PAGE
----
A Day With Real California Milk
This post is sponsored by Real California Milk- thank you for supporting the collaborations that make this space possible and support me in my new life season :)
A few weeks ago, I had the opportunity to spend a day with other bloggers, RDNs and California dairy at an event hosted by Real California Milk… and I had a blast! I thought I would tell you a little about my day and what I learned.
First off, the day was great because I got to spend it with Haley, who as you know, has become one of my close friends. She drove down from SLO to sleep over and we did a little food and drink tour of Silverlake amidst all things Real California Milk as well. Here are affiliate links to my shoes, bag, and jean jacket! My jumpsuit is from Marshalls a few months back.
We hit the road around 8:15 to have enough time to stop for coffee and arrived at the event location by 10 am, without really knowing what to expect. We were pleasantly surprised to see an awesome panel of professionals - two of which own and operate Real California Milk dairy farms. I had never talked to a dairy farmer before so I had a lot of questions.
One of my favorite things I learned was regarding sustainability in the industry. One of the farmers, Megan, who operates two dairies with 2,700 cows total spoke in detail about how her farm is doing its absolute best to be as sustainable as possible. For example, after the milk comes from the udder of the cow, it gets cooled down almost immediately by water. That water is now called grey water and instead of being discarded, it is reused to wash off the cows as they come into the barn to keep things nice and clean. This has brought their water usage down by 50%. Their feed uses byproducts that humans no longer want like the almond hulls and produce that’s a little too mushy. You know when bell peppers start to lose their crunch but are still technically good? That can go to cow feed and has! Additionally, solar panels and efficient tractor technology has been installed to reduce emissions and energy usage.
Above all, it was nice to connect a face to a large industry, such as the dairy industry, because sometimes I think we look at large industries as a bit impersonal but that wasn’t the case here. 99% of farms in California are family owned and there’s more than 1,300 of them! California dairy farmers believe in responsibly produced, nutritious dairy foods that nourish people and foster a sustainable future. The Real California Milk seal represents real family-owned farms with people like Megan who I had the pleasure of meeting. She has kids, runs a fitness studio, and somehow runs a dairy farm too! As a consumer of dairy every day, it was wonderful to understand that this was actually a very personal business.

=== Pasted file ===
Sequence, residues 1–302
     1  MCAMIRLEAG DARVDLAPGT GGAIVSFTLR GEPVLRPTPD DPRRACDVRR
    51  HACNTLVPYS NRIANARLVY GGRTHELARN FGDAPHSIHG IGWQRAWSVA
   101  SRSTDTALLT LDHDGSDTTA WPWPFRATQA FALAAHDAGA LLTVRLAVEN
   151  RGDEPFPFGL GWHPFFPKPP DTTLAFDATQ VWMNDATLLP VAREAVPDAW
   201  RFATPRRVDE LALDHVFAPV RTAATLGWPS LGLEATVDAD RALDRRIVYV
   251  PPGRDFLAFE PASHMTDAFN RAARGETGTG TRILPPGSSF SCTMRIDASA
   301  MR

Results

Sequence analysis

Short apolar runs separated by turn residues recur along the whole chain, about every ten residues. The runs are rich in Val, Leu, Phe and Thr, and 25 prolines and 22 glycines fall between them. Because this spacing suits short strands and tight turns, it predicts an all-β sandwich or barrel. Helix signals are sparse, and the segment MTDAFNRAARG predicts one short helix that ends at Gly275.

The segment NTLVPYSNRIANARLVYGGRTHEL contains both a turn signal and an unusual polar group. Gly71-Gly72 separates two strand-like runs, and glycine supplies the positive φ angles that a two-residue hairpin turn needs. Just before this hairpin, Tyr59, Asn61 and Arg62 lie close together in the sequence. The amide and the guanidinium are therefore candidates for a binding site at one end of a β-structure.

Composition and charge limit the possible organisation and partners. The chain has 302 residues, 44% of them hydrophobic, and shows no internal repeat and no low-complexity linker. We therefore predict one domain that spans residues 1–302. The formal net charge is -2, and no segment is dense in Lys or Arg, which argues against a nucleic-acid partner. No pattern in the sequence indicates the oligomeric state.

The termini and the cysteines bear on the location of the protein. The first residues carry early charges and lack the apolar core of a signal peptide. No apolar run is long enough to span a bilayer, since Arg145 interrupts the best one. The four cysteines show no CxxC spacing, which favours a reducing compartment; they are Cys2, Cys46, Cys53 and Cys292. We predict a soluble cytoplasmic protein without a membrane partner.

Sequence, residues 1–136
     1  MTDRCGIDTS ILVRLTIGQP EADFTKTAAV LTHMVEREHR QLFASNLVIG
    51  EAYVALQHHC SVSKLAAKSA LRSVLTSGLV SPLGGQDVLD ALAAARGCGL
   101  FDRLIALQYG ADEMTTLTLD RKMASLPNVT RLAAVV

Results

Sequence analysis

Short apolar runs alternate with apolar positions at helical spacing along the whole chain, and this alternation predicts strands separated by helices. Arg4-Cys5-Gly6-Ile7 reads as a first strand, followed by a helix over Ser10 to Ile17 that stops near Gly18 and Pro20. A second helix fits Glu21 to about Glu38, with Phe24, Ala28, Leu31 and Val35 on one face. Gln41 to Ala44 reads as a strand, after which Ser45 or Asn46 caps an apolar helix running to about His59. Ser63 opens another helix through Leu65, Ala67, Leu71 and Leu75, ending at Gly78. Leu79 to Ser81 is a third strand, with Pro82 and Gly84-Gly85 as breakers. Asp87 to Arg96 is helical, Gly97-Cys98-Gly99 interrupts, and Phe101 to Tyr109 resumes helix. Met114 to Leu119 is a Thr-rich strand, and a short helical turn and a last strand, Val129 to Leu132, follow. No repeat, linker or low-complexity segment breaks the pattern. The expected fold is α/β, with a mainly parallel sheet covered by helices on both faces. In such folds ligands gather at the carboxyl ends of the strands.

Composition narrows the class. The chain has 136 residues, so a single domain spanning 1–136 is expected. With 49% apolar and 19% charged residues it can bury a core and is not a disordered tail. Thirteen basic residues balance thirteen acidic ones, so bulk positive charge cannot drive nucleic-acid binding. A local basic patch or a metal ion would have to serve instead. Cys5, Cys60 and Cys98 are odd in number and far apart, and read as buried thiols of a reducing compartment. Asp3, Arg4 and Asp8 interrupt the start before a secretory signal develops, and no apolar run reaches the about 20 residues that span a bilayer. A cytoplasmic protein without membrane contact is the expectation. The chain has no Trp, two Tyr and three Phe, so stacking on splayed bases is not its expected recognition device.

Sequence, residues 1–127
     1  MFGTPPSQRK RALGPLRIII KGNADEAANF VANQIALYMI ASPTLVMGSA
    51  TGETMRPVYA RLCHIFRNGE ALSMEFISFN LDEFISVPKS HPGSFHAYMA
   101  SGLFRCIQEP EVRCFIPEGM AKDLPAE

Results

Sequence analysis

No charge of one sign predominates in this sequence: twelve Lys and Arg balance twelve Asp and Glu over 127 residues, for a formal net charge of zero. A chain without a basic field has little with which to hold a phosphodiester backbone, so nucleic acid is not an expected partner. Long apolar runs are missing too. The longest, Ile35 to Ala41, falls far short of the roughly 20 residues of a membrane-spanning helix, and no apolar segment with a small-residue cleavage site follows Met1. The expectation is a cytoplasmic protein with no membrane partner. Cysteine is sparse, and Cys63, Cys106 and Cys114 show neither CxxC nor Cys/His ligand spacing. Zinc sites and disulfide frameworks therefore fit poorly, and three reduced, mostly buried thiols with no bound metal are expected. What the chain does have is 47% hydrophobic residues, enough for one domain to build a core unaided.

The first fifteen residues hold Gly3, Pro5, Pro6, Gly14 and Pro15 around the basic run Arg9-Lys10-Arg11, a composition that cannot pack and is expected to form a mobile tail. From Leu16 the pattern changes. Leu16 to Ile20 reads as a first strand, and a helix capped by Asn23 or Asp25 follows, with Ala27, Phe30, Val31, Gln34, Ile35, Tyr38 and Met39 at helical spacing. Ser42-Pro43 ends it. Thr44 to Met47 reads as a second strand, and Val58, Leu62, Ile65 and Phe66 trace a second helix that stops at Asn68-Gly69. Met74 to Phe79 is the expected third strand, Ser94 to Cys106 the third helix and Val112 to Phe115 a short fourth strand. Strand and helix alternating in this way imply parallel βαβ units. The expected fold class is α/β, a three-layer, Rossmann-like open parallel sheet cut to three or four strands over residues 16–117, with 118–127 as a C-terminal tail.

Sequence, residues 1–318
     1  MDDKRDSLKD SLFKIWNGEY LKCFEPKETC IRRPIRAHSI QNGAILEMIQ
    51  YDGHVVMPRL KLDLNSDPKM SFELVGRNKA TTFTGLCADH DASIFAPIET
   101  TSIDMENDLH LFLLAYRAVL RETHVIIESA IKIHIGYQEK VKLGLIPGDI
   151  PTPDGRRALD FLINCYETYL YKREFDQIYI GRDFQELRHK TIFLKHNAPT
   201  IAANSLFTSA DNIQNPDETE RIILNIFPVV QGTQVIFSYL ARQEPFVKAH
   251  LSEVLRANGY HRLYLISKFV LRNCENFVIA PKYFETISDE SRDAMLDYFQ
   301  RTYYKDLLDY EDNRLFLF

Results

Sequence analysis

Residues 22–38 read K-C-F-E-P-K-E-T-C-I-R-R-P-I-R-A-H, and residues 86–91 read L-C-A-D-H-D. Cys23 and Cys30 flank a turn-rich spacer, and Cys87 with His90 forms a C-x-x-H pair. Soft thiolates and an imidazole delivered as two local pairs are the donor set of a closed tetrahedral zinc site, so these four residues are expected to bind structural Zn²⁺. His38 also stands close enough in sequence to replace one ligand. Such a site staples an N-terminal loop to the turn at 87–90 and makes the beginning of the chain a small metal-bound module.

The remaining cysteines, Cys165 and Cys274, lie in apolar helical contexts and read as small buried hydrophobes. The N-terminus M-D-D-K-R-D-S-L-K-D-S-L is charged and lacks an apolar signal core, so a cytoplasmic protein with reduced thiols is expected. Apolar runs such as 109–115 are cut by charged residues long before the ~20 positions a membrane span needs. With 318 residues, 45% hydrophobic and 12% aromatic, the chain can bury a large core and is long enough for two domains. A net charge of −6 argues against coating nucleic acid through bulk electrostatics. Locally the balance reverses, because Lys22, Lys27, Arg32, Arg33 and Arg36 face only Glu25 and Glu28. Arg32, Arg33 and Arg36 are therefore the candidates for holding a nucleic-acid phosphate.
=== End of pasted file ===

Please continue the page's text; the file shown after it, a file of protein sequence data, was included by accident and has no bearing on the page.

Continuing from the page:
Another farmer I met comes from a long line of dairy farmers and continues that tradition today with her son being the newest owner of a dairy farm just a few miles from hers! She was proud of her product and the long line of family it came from. I thought that was just the sweetest.
After we learned a bit more about the industry, we got to play! We had two demonstrations. One was with a chef with a zero-waste approach to food and owns a catering business and restaurant, where we learned how to build beautiful crostini/flat breads. We were given basically every ingredient to play with and were encouraged to mix color, flavor, and textures. There was a beet puree that I mixed in with yogurt to make my pink themed bread, and used an herb puree for a savory/garlicky green toast!
How fun would this be for some party appetizers?!
The second demonstration was with a professional food stylist who showed us how to build our own fruit/cheese platter. I specifically seek out these on menus because I love seeing how other people plate them, and I was excited to have my turn to take a stab at it. Some guidelines I learned…
Use greenery as your base- you can just pull some from the yard or some extra herbs you didn’t use from a dinner earlier in the week.
Feel free to make it “messy” you can break the cheese to show the inside, maybe cut into a brie to let it start seeping out.
Add spices as a garnish - like some turmeric on a tzatziki for visual appeal.
Play with the rainbow! Find some multi-colored lettuce, some rainbow beets, or use fruit as a contrasting color.
Make sure it looks abundant. If you need to fill up the holes, use a handful of chopped nuts or extra garnish (or even more cheeeesseee!!).
So here was my attempt! I chose a small platter - probably half the size of hers pretending I was in my new apartment kitchen where I’ll have little space.
My favorite combo- just in case you’re wondering is fig jam + sharp cheddar + carb source- optional meat choice!
There you have it!